With tensions remaining high in the Middle East, and as U.S. presence in the region evolves, optimism that an “Arab NATO” can be established appears to be dimming.
First floated by U.S. and Arab leaders in 2017, the notion of a Mideast collective defense alliance — formally named the Middle East Strategic Alliance — would include six Gulf states (Saudi Arabia, the United Arab Emirates, Kuwait, Bahrain, Oman and Qatar) plus Egypt and Jordan. The advantage: These Gulf countries already share the benefits of respective military capabilities in joint training and operations, such as the Saudi-led airstrikes in Yemen.
But the challenge that experts argue may be too grand to overcome, and which is quite distinctive from challenges faced by NATO allies in Europe, is the state of regional tensions. A strategy for collective defense is far easier to define and execute in times of relative peace, versus conflict.
“The very use of NATO as a shortcut is problematic,” said Emile Hokayem, senior fellow for Middle East security at the International Institute for Strategic Studies. “Nothing that gets built in the Middle East will look like even the most watered down NATO model.”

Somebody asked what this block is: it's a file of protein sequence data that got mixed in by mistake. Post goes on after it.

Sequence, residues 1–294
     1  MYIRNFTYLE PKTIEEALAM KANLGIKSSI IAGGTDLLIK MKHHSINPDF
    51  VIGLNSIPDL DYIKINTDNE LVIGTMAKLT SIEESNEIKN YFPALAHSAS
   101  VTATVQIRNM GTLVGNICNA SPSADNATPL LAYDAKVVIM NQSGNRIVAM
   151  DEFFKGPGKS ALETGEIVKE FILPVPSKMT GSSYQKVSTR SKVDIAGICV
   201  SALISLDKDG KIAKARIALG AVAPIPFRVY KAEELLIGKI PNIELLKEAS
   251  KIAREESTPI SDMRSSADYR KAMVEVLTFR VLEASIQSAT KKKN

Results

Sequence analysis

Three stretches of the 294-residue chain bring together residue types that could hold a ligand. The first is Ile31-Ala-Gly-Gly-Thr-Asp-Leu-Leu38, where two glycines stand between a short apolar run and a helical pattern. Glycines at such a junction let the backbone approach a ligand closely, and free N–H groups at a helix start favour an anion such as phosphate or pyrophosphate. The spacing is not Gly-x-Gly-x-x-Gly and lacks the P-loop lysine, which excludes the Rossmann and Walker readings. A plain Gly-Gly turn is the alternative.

Among the factors that some believe could influence the success or failure of a U.S.-led initiative to unite Mideast allies in a cooperative pact for collective defense: actual U.S. presence and strategy in the region.
That presence is expected to shift, given the announcement from President Donald Trump that troops will leave Syria. But with troops on the ground in Syria, the U.S. is balancing control of two areas: Al-Tanaf, which provides access to Damascus, and Abu Kamal, which provides access to Homs. Both can still be managed from the Iraqi side, argues Lebanese Member of Parliament Gen. Wehbe Katicha, a member of the Strong Republic bloc.
“The withdrawal of 2,000 soldiers from the inside of Syria to its external borders in Iraq will not affect the American strategy,” he said. “It will only be a repositioning of troops in the region.”
And U.S. military bases in the region remain, like Al-Udeid in Qatar and Naval Support Activity in Bahrain.
Further drawdowns by the U.S. could be problematic, but are unlikely, considering larger plans by the Trump administration to grow cooperation and influence in the region — most notably with Saudi Arabia and the United Arab Emirates.
“What if the U.S. reduces its military presence too much in the region? Then this Arab NATO, when formed, will start planning and working independently of [the] U.S. and Western alliance,” said an industry source, who spoke on condition of anonymity. That reduction would never happen, he added, particularly because it could create a vacuum for other powers to move in on, namely China or Russia.
Regional presence aside
U.S. presence is the least of the problems facing the formation of an Arab NATO.